The U.K. government said Wednesday it plans to shut schools in England as a result of the coronavirus pandemic.
Speaking at the government's daily press conference on the coronavirus outbreak, Prime Minister Boris Johnson said: "Looking at where we are now, we think now that we must apply further downward pressure on that upward curve by closing the schools."
"So, I can announce today … that after schools shut their gates from Friday afternoon, they will remain closed for the vast majority of pupils until further notice."
It comes shortly after Wales, Northern Ireland and Scotland announced their schools would close from Friday. All schools and colleges in the Republic of Ireland have also been closed.
"This does mean that exams will not take place as planned in May and June, though we will make sure that pupils get the qualifications they need and deserve for their academic career," Johnson said.
As of Wednesday, the U.K. had more than 2,600 confirmed cases of COVID-19, with 72 deaths, according to Johns Hopkins University data.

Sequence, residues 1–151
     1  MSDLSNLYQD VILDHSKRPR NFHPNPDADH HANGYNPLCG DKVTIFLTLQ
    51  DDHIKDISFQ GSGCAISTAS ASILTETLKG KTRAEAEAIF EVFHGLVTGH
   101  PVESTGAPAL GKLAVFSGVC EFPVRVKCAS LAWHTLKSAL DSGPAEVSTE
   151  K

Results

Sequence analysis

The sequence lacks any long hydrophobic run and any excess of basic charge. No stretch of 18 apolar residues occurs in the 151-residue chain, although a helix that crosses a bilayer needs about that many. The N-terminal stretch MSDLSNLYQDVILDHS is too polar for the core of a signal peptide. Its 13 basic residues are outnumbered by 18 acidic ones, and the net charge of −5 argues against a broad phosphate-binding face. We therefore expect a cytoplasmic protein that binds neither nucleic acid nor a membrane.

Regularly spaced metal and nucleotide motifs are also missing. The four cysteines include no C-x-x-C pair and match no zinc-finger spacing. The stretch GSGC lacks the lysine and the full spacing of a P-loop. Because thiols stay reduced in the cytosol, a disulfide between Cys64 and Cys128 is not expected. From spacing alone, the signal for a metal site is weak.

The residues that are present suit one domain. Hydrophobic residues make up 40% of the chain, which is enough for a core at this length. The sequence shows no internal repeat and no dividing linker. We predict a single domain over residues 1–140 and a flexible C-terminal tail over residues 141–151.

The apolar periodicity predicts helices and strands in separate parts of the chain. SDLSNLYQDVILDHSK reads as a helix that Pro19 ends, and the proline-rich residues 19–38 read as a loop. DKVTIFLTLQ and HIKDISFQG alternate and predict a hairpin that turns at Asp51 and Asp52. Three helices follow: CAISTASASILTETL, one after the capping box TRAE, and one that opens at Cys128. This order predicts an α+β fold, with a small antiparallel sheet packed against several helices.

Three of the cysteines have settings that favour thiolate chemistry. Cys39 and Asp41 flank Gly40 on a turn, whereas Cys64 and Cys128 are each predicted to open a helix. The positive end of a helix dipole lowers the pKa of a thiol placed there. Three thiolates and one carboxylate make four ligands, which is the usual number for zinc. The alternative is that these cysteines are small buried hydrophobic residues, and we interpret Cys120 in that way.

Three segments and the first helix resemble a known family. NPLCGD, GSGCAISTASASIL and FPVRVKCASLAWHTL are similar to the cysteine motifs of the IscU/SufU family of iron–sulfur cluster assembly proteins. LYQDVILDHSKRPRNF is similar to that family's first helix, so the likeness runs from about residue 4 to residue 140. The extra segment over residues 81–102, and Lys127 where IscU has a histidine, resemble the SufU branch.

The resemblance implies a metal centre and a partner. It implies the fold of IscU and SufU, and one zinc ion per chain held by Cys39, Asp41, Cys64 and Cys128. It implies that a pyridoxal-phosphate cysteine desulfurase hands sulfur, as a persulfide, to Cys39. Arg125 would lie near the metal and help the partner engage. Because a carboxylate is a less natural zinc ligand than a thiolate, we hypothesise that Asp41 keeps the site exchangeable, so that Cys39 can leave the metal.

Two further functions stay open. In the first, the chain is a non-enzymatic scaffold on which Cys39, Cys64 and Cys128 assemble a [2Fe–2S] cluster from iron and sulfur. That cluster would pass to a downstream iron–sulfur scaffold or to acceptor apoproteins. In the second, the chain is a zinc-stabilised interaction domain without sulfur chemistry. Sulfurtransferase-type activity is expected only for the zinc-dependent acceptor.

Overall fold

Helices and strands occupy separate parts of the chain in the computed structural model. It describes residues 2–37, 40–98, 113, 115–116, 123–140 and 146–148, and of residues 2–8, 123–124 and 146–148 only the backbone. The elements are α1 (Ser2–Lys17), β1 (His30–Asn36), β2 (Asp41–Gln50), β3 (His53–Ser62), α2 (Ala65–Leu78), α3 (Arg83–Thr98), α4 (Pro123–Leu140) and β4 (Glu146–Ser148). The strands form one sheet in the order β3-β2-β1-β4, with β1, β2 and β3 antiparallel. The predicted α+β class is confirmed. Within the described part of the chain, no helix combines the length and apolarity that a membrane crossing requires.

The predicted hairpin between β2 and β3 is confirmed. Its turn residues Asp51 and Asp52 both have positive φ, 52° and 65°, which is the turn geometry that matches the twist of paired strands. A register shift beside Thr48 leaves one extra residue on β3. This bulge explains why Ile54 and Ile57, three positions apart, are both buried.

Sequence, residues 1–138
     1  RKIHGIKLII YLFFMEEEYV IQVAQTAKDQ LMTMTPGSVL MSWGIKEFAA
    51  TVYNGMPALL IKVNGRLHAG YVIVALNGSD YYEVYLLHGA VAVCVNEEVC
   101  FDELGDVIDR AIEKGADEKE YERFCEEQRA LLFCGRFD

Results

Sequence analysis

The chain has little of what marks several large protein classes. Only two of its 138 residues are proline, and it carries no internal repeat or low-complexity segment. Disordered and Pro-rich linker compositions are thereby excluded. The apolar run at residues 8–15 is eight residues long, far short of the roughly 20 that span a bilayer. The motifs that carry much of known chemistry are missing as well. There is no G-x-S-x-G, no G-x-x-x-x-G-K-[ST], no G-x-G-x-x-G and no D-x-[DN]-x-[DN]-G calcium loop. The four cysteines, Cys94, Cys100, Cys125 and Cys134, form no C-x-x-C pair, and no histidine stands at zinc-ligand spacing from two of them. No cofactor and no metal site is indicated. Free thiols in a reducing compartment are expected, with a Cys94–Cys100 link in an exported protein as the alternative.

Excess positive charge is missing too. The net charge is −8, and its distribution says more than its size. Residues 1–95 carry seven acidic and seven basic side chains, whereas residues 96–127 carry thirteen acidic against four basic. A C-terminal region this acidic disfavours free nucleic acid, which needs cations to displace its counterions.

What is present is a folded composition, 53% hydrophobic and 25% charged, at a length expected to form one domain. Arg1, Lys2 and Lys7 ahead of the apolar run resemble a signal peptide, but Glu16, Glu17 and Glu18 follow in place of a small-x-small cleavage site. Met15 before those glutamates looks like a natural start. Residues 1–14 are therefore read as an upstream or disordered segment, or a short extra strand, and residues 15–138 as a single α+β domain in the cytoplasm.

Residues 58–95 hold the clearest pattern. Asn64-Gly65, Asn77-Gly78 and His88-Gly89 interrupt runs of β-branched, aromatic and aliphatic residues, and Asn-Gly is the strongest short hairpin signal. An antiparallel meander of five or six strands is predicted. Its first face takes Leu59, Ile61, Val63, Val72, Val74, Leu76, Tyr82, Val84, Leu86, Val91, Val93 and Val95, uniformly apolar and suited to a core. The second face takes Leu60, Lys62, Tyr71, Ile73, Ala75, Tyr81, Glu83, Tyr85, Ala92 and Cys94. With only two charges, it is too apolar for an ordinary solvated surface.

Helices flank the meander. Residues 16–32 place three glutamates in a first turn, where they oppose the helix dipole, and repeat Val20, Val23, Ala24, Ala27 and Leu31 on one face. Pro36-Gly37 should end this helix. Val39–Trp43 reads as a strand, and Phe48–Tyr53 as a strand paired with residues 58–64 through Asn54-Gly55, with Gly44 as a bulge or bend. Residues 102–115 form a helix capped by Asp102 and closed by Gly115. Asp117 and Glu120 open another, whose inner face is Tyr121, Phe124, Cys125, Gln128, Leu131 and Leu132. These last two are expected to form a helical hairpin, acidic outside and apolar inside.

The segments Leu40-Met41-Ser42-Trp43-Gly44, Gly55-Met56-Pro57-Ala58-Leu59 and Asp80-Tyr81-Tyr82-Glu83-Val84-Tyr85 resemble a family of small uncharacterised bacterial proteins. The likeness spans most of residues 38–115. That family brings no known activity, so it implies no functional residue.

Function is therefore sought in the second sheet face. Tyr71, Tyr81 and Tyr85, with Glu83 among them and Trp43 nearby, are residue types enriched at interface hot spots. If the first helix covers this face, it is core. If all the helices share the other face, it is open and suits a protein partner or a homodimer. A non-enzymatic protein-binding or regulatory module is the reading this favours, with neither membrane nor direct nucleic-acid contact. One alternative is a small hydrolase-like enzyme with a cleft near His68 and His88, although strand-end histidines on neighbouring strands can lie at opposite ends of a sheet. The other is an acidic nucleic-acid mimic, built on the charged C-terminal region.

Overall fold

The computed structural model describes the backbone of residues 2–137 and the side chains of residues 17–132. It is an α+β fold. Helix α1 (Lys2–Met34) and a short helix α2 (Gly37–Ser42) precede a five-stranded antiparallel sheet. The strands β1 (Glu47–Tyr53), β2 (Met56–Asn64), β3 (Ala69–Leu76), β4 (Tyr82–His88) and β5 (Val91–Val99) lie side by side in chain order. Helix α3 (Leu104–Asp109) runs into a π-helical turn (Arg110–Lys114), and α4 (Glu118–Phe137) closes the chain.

On Tuesday, the U.K.'s finance minister announced a £330 billion ($398 billion) aid package of loans for businesses, as well as a business rates holiday and grants.
Finance Minister Rishi Sunak said the government would "support jobs ... support incomes and we will support businesses ... we will do whatever it takes," he said.
"That means any businesses that needs access to cash ... will be able to access a government-backed loan," he said. Sunak noted that the scale of government interventions in the economy were "unimaginable" just weeks ago.
The U.K. government has been accused of being too cautious with their approach to the outbreak.
When asked why the government had decided not to impose lockdown measures for the city of London, as some had expected, Johnson replied: "We have always said that we are going to do the right measures at the right time."
On Wednesday, Wales and Scotland announced that their schools would close at the end of the week, putting pressure on the government in London to follow suit. Those in Scotland might stay closed until the summer break, Scotland's First Minister Nicola Sturgeon said.
Schools in England are already under pressure due to staff shortages caused by the virus.
On Monday, Johnson stepped up the U.K.'s advice to citizens, telling them to avoid all unnecessary social contact and to stop going to restaurants, clubs, pubs and theaters.
Sterling slid to $1.1459 on Wednesday to hit its lowest point since October 2016 as liquidity concerns sent the dollar surging and hammered currencies around the world.
The pound fell more than 4% on the session to hit its lowest point since 1985, with the exception of an overnight "flash crash" in October 2016 which took sterling to $1.1450.